Historically, an overweight child was presumed to be a healthy child, because it was capable to survive periods of undernourishment and infections.2 Natural selection probably favoured people with an thrifty energy metabolism (the thrifty gene hypothesis3). During millennia of frequent food scarcities this economical energy metabolism was favourable. However, with stable food supplies about 60 years ago society started to focus on consumers and became technologically advanced. This new society interacting with our evolutionary legacy probably led to what we now call the obesity epidemic.4
This epidemic is apparent with the worldwide prevalence of obesity at least doubling during the past three decades. More than half a billion adults worldwide were obese in 2008. The rising prevalence is also noticeable among the youngest; in 2010, more than 40 million children under the age of five were overweight or obese worldwide.5 In the Netherlands, 33% of adults were overweight in 1981 which increased to 48% in 2012. The prevalence of obesity more than doubled in that time from 5% to 12%.6 In 2009, 13’15% of the Dutch children were overweight and two percent were obese. Although these percentages are relatively low compared to other countries, rates are three to respectively six times the prevalence’s found in 1980.7 Most recent data show the prevalence of childhood overweight and obesity appears to be stabilizing in western countries.8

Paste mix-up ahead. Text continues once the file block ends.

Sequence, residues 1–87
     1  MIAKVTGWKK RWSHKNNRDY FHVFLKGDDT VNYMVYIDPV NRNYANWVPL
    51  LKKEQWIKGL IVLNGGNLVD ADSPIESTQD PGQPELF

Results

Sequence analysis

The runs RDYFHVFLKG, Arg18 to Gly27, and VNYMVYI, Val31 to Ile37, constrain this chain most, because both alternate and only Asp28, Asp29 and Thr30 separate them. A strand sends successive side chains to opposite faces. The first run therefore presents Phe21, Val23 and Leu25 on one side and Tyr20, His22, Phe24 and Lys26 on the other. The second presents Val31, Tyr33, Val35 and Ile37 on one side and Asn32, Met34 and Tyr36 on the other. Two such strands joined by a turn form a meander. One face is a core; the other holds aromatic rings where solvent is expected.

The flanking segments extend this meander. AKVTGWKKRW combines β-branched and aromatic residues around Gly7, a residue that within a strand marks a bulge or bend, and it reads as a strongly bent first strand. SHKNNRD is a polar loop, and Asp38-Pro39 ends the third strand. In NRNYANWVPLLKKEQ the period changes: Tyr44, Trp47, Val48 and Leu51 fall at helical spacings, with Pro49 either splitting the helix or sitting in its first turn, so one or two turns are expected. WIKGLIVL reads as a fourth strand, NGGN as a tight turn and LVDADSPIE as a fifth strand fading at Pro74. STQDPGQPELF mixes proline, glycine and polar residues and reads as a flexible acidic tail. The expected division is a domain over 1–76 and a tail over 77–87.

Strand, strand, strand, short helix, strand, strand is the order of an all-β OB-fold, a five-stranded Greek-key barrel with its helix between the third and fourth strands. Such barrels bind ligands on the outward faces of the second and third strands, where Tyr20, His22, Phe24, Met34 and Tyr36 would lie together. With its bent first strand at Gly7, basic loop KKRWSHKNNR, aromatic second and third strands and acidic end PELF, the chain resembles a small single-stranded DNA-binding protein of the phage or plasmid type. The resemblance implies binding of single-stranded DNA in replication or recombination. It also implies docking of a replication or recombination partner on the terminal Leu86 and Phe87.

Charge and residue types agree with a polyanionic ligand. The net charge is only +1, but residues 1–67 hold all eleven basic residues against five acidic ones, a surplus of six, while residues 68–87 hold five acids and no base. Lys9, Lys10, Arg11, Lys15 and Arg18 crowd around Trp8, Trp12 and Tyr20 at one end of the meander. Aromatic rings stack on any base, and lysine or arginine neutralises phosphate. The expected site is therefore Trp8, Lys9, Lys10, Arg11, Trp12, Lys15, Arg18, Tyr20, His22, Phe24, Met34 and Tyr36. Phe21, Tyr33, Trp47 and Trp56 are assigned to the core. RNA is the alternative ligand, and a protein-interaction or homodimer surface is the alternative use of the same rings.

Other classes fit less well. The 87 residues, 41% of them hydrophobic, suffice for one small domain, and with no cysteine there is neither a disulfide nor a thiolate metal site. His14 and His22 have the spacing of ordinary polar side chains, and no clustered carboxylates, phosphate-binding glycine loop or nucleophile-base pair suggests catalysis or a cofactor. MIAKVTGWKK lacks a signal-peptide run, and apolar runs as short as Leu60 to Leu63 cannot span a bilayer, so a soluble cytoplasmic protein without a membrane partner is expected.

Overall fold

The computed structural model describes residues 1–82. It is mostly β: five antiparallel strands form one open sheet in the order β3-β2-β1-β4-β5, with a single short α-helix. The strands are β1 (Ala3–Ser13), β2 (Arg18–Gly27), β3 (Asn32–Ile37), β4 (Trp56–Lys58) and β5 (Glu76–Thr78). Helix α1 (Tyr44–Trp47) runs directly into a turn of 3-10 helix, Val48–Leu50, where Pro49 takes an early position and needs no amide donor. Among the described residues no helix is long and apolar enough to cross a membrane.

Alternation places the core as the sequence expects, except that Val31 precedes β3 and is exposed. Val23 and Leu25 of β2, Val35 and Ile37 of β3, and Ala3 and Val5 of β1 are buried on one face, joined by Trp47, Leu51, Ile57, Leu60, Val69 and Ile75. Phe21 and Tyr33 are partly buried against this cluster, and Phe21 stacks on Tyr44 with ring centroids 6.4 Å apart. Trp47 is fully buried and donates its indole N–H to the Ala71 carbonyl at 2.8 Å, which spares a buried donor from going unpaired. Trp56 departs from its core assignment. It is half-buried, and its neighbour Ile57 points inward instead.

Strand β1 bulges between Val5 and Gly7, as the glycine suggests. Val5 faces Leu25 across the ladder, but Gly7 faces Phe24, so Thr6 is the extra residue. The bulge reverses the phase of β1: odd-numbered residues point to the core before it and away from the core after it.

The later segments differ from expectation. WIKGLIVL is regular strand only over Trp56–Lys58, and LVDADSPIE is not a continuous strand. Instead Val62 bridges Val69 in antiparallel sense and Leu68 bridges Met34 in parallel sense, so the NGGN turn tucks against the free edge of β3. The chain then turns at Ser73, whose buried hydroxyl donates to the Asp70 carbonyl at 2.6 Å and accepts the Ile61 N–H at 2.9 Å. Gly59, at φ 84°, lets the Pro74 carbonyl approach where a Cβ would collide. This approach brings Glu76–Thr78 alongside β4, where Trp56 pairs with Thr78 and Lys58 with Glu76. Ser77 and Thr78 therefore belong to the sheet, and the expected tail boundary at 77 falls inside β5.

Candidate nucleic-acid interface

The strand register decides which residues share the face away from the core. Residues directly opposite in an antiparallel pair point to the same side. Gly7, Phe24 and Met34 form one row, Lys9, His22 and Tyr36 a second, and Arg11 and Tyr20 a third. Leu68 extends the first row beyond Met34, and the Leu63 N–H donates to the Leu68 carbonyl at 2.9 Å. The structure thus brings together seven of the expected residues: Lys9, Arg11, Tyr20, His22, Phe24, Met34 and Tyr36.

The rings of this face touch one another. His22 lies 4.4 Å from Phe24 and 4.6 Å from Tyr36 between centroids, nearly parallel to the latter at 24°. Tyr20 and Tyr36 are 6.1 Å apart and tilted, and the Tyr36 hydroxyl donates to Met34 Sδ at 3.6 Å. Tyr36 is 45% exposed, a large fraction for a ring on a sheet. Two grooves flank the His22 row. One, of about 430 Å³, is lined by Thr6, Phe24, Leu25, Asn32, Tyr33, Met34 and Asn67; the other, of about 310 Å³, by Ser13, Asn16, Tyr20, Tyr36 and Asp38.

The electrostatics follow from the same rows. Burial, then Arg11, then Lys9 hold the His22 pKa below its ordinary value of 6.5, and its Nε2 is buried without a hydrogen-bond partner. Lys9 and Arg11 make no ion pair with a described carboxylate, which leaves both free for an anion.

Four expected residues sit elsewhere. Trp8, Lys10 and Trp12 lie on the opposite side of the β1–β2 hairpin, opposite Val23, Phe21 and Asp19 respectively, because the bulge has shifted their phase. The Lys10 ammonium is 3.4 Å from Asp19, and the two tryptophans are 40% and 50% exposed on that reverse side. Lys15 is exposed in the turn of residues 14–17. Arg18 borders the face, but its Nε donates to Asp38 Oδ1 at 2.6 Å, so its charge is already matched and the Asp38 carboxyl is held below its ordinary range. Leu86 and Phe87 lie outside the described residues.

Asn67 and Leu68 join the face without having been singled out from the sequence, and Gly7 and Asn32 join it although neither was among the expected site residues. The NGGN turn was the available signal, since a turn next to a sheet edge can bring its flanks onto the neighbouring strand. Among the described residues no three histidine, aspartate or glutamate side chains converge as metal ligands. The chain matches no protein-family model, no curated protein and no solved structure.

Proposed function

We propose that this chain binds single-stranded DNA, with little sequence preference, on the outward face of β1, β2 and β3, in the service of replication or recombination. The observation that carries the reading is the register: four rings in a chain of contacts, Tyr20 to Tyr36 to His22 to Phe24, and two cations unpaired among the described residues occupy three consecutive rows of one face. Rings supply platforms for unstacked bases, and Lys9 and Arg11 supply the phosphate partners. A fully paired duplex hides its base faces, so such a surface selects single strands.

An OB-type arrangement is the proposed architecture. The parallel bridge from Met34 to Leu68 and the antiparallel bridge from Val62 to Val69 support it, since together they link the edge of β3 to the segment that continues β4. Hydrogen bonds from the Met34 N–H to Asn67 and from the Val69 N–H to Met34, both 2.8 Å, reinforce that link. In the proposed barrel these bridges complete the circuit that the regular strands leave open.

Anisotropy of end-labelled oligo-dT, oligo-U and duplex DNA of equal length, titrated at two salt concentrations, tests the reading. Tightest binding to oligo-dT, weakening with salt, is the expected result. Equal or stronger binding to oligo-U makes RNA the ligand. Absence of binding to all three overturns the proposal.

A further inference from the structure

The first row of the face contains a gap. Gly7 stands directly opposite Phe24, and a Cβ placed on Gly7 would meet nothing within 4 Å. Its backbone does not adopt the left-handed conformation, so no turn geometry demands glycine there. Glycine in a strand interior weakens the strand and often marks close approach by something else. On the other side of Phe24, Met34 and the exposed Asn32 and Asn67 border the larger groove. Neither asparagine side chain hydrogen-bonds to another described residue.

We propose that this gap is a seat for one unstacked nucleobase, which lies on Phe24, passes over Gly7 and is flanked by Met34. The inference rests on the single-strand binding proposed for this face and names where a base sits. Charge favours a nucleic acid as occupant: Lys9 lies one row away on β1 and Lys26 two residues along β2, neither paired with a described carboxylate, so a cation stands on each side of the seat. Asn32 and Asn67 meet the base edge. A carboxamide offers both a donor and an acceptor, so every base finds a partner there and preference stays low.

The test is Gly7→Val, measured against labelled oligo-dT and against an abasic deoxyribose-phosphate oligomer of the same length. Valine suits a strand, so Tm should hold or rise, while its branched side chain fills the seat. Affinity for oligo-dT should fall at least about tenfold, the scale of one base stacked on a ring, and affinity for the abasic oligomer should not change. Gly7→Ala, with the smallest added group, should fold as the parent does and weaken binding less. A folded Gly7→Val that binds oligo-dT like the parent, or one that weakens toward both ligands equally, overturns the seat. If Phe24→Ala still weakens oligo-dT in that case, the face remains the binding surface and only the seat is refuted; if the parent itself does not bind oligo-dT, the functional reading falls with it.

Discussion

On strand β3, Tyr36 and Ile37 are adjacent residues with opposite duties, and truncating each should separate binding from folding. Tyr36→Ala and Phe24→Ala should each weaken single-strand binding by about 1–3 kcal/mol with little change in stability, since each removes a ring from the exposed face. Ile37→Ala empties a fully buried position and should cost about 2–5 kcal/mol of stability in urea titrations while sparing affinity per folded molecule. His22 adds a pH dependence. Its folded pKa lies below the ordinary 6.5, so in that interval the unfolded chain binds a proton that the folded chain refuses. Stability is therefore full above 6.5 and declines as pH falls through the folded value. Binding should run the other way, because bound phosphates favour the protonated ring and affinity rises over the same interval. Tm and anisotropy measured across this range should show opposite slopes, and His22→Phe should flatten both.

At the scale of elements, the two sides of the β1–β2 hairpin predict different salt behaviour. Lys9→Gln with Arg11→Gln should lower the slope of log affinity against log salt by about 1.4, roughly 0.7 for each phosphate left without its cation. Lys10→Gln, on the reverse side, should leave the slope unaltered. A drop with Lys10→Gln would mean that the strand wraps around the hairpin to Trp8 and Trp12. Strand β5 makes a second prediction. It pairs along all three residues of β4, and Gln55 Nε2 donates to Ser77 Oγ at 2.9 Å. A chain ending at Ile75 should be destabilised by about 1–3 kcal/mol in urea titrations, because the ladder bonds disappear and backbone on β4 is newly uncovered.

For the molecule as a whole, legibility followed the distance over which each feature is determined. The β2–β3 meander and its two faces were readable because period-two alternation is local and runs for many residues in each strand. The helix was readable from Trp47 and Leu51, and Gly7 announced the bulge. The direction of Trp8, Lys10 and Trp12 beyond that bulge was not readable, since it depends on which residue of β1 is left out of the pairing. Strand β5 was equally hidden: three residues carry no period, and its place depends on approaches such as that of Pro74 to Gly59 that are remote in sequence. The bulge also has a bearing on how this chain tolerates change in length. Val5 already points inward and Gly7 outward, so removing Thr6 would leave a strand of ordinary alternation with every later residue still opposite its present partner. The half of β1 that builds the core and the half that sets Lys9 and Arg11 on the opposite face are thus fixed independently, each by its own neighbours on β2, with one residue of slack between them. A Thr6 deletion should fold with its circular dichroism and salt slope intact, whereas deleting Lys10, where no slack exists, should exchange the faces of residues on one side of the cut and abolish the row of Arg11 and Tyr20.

There has been debate on the question whether obesity is a disease or not. An expert panel concluded in 2008 that there is no clear agreed-on definition of disease, but that there are compelling reasons, related to both causes and consequences, to consider obesity a disease.9 The World Health Organization (WHO) defines overweight and obesity as ‘abnormal or excessive fat accumulation that may impair health’.5
To classify overweight and obesity the Body Mass Index (BMI) is commonly used. It is defined as a person’s weight in kilograms divided by the square of his height in meters (kg/m2). Among adults, obesity is generally defined as a BMI greater than 30 kg/m2, and overweight as a BMI between 25 and 30 kg/m2.5 This relates to an increased risk of comorbidities for a BMI of 25 to 29.9, and moderate to severe risk of comorbidities for a BMI greater than 30.10 For children there are difficulties in defining a single standard to classify overweight and obesity since growing children show significant fluctuations in the relationship between height and weight. Many countries use their own country-specific charts. Widely used thresholds for overweight or obesity in childhood are 110% or 120% of ideal weight for height and a BMI at the 85th, 90th , 95th and 97th percentiles of the country-specific reference population.11 The International Obesity Task Force (IOTF) developed an international standard growth chart to enable global comparisons. These age and gender specific cut-off values of the BMI correspond to the adult thresholds of 25 for overweight and 30 for obesity12 and are used in the present thesis to classify overweight and obesity.
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